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Natural History Museum facts for kids

Kids Encyclopedia Facts
Natural History Museum London Jan 2006
The Natural History Museum
The architect was Alfred Waterhouse
Natural History Museum hall
The main hall

The Natural History Museum (NHM) is a museum in London. It is the largest natural history museum in Britain. It includes the nation's main collections of specimens of life, rocks and minerals. The museum employs scientific staff, conducts research, stores specimens, and manages the public galleries.

The NHM is one of the four large institutions on Exhibition Road in South Kensington, London. The others are the Science Museum, the Victoria and Albert Museum and Imperial College London.

Brief history

The NHM was at first a department of the famous British Museum. When the present NHM building was opened in 1881, it was then called the British Museum (Natural History) or BMNH. Its head reported to the Director of the British Museum. Not until 1963 did the NHM become fully independent, with its own Board of Trustees, and not until 1992 was it permitted to use its present name.

In 1986, the museum absorbed the adjacent Geological Museum of the British Geological Survey, which is to just to the north of the NHM. The museum's galleries were completely rebuilt and relaunched in 1996 as The Earth Galleries, with the exhibitions in the Waterhouse building retitled The Life Galleries. The Natural History Museum's own Mineralogy displays remain largely unchanged as an example of the 19th-century display techniques of the Waterhouse building.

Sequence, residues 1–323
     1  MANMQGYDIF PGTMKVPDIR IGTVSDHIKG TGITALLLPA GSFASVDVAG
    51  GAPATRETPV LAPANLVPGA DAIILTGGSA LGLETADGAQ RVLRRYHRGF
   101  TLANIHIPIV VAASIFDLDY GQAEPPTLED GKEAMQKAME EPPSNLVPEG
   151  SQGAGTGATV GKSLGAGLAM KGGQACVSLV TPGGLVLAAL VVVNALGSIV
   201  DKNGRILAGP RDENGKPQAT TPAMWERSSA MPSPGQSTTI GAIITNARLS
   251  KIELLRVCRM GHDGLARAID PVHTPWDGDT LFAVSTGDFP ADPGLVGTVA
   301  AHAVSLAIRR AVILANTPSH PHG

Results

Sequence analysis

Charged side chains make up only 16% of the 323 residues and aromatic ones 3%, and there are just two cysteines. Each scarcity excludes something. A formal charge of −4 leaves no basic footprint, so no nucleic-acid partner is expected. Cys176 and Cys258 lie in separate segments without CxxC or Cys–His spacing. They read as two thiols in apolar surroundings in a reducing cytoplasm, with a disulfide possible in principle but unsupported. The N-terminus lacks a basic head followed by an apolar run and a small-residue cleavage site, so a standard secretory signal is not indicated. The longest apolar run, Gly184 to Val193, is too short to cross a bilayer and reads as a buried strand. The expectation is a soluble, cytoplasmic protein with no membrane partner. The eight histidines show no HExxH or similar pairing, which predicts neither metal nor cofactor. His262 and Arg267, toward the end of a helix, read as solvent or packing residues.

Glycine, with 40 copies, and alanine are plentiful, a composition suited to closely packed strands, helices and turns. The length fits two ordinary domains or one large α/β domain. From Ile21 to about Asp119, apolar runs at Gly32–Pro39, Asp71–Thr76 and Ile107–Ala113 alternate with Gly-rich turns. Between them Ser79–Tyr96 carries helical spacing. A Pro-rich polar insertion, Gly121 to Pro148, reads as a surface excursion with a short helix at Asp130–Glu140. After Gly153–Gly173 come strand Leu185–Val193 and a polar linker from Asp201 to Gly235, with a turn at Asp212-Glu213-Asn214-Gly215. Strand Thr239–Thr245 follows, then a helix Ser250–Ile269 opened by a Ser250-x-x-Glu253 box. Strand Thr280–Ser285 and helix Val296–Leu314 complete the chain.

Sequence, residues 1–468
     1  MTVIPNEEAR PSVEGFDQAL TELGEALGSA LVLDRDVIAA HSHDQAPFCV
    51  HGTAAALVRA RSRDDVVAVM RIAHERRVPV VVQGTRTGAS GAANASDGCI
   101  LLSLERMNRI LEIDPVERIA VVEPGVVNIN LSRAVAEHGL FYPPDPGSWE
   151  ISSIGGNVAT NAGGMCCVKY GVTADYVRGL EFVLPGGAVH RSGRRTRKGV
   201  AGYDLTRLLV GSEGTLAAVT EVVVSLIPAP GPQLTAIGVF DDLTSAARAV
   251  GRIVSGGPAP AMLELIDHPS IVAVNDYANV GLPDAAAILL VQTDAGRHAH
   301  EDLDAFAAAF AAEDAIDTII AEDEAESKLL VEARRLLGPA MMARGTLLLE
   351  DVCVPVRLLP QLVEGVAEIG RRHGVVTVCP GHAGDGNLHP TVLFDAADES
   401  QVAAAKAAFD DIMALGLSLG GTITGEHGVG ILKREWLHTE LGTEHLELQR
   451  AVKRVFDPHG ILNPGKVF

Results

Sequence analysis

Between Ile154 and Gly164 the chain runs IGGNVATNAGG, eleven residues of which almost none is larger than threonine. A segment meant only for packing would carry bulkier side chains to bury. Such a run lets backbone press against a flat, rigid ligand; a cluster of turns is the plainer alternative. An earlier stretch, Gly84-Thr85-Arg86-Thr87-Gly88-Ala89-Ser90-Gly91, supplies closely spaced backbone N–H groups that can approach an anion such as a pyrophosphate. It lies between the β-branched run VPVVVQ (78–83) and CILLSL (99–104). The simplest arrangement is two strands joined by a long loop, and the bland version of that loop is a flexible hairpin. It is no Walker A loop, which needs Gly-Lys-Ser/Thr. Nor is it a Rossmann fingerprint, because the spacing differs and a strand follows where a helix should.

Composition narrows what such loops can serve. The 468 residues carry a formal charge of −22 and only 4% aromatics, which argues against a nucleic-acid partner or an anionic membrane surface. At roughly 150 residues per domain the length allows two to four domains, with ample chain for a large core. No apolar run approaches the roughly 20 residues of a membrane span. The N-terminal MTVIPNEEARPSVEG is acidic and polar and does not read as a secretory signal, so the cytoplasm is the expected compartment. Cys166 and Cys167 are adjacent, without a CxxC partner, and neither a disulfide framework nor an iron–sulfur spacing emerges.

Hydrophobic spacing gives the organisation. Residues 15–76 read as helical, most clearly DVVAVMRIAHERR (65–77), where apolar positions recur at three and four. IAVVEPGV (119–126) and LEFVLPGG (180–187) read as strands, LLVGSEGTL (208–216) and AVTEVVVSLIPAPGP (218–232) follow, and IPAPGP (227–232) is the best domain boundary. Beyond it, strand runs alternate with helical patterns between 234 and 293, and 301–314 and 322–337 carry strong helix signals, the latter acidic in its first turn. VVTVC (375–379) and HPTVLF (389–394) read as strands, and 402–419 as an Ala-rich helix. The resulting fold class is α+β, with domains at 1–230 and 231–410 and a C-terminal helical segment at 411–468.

The newly-developed Darwin Centre (named after Charles Darwin) is designed as a new home for the museum's collection of tens of millions of preserved specimens, and new work spaces for the museum's scientific staff. Built in two phases, with two new buildings adjacent to the main Waterhouse building, it is the most important new project in the museum's history.

Scientific work

The museum employs 300 scientific staff, and has huge collections of fossils, rocks and minerals, as well as the preserved specimens of present-day plants and animals. There are over 70 million specimens in the collections. Data bases of the collections are being developed.

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